Published: Dec 04 , 2014
Author: Stephen White

An American President(depending on your politics it could be any American President since Eisenhower) visits a class of 9 year-olds. The class is discussing the meaning of the word tragedy.

The President asks ‘Can anyone give me an example of the word ‘tragedy’. Peter says ‘My friend ran into the road and was killed by a passing car – that is a tragedy’. ‘No’, says the President, ‘that is an accident’. Jane says ‘There is a chemical leak at a factory and 2500 people are killed – that is a tragedy’. ‘No’, says the President, ‘I would call that a devastating loss’.

William says ‘The Presidential plane is blown out of the sky by a ground-to-air missile fired by a rogue American soldier, and you are on board – that would be a tragedy’.

‘Brilliant’, says the President. ‘That definition is perfect. Why is it a tragedy’? The child replies ‘Because it certainly wouldn’t be a devastating loss, and it is unlikely to have been an accident’.

However you might define the word tragedy, I am with Jane. News that the Bhopal Union Carbide factory tragedy in India is again hitting the headlines is unsurprising. Although the incident happened exactly 30 years ago, on the evening of December 2/3rd 1984, it was of such enormity that it has rarely been out of the news.

The scandal of Bhopal is that the misery goes on. Chemicals which leeched into the ground and into the water supply during the disaster caused illness and genetic mutations in horrific numbers which go on to this day. A 2014 report claims that ‘an estimated 120,000 to 150,000 survivors still struggle with serious medical conditions including nerve damage, growth problems, gynecological disorders, respiratory issues, birth defects, and elevated rates of cancer and tuberculosis’ (source Wiki). The factory site itself, now owned by the State, has never been cleared, and there are no reports that it will be any time soon. Although Union Carbide made a compensation settlement 5 years after the event which was favorably regarded at the time by the Indian Supreme Court, there is a widespread feeling now that they paid only a derisory amount given the extent of the misery and human damage which was caused. Victims who were injured got an average $400 each; for a death the payout was a measly $1000.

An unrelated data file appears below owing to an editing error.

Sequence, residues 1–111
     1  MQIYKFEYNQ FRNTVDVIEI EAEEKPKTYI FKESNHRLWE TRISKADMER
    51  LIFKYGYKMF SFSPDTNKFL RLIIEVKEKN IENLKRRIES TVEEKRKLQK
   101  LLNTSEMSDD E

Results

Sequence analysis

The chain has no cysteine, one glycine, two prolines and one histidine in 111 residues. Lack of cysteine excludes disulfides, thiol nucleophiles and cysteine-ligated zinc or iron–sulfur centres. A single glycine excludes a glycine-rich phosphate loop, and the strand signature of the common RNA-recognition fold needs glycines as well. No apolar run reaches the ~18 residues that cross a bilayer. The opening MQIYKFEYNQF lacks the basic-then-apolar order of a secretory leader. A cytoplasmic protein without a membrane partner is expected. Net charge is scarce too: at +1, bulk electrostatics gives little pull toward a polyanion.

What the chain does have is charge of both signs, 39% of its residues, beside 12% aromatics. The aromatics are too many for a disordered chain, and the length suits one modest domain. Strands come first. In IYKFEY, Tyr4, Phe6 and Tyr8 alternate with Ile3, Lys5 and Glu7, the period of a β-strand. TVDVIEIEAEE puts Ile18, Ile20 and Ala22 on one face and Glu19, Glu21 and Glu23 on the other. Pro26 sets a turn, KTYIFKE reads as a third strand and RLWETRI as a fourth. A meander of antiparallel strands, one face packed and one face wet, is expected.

There is however hope that maybe some remedial action in the form of additional compensation is likely soon. Union Carbide was acquired by Dow Chemicals in 2001, and recently Dow shareholders have been putting pressure on Dow management to reassess their financial responsibilities and negotiate further compensation for the victims. The view of these shareholders is that Dow is suffering in the Indian market as a result of the bad publicity attached to Bhopal, and they need to address the causes of this not for philanthropic reasons, but rather because it is the right thing to do commercially.

Good negotiators know that a workable deal is one which all the subscribing parties will honor in the long term. Whether the 1989 settlement made by Union Carbide was seen as a good deal at the time is irrelevant. That deal is now seen as unjust, and is having long term negative effects on Dow Chemicals’ business, and maybe not just in India but amongst buyers around the world who are moved by the plight of the victims. For the sake of improving their PR, as well as because it is the right thing to do, Dow directors need to listen to the increasing clamor and take action.

Stephen White



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Stephen White
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